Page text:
• For each fund we raise, we build a model of the portfolio that lays out all future financing rounds as far as we can predict them. We estimate the timing, size, and probability of that financing round happening. We then run a “monte carlo simulation” of that portfolio to develop a statistical distribution of outcomes. That looks like a normal distribution and we make sure we have a 95% probability of being able to participate in all of these future funding rounds. Practically speaking, this tool allows us to determine how many portfolio companies we should put in each fund before we go back to our investors for another fund.
  • We have raised two Opportunity Funds which allow us to continue to participate in funding rounds for our most successful portfolio companies that start raising very large growth rounds. We also use these Opportunity Funds to occasionally participate in later stage rounds of companies that we did not invest in at the early stage.

One of the most common mistakes I see new “emerging VC managers” make is that they don’t sufficiently reserve for follow-on investments. They don’t go back for a new fund until they have invested 70 to 80% of their first fund and then they run out of money and can’t participate in follow-on rounds. They put too many companies into a portfolio and they can’t support them all. That hurts them because they get diluted by those rounds they can’t participate in. But it also hurts their portfolio companies because the founder and/or CEO has to explain why some of their VC investors aren’t participating in the financing round.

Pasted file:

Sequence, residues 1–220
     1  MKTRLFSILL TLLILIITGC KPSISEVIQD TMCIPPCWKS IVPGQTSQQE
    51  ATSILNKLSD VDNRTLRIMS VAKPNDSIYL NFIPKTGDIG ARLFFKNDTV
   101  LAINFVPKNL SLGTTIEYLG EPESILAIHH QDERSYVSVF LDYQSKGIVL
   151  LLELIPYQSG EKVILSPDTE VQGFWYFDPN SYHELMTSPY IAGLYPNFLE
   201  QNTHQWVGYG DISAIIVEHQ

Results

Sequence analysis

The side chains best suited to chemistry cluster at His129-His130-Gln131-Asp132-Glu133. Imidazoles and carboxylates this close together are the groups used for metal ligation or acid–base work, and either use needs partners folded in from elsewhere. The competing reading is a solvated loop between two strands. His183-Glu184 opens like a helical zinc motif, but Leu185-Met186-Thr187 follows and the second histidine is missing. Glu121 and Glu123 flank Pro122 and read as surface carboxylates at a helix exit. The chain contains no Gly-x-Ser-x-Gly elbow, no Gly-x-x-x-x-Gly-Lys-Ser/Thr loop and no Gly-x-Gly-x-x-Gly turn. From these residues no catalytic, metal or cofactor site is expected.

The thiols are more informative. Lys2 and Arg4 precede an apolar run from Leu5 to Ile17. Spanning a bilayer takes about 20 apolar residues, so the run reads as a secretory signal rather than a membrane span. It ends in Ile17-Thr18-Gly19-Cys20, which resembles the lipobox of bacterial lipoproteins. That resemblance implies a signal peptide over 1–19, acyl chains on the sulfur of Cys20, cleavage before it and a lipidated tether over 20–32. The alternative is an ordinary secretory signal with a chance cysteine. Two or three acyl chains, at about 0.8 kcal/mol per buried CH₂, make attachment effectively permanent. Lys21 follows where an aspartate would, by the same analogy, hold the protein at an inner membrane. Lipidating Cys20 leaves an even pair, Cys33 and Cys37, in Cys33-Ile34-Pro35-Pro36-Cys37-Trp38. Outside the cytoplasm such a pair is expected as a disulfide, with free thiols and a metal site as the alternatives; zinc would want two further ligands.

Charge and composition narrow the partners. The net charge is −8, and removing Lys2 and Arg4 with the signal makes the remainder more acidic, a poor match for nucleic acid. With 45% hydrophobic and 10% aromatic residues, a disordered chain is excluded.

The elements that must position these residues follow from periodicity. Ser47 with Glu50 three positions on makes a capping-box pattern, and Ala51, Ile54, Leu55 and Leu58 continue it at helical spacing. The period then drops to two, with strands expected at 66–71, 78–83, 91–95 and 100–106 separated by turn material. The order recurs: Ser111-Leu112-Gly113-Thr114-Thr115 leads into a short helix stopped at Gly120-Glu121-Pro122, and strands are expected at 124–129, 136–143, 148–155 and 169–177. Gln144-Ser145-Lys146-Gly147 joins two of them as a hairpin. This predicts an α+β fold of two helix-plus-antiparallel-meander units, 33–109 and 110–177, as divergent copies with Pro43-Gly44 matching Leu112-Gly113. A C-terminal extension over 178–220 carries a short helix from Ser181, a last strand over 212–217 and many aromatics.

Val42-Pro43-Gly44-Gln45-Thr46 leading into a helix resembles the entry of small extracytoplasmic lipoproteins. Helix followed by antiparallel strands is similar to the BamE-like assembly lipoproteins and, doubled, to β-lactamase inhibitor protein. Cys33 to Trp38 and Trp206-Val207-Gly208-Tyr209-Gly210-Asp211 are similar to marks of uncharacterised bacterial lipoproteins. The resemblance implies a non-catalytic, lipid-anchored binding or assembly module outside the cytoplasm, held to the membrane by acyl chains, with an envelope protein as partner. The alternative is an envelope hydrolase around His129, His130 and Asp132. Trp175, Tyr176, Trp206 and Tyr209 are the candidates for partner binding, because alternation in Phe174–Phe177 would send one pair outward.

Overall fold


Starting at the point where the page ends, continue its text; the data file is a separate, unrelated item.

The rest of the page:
Most people think that VC is all about the initial portfolio construction, selecting the companies to invest in. But the truth is that is only half of it. What happens with the portfolio after you have selected it is the other half. That includes actively managing the portfolio (board work, adding value, etc) and it includes allocating capital to the portfolio in follow-on rounds, and it includes working to get exits. And it is that second part that is the harder part to learn how to do. The best VC firms do it incredibly well and they benefit enormously from it.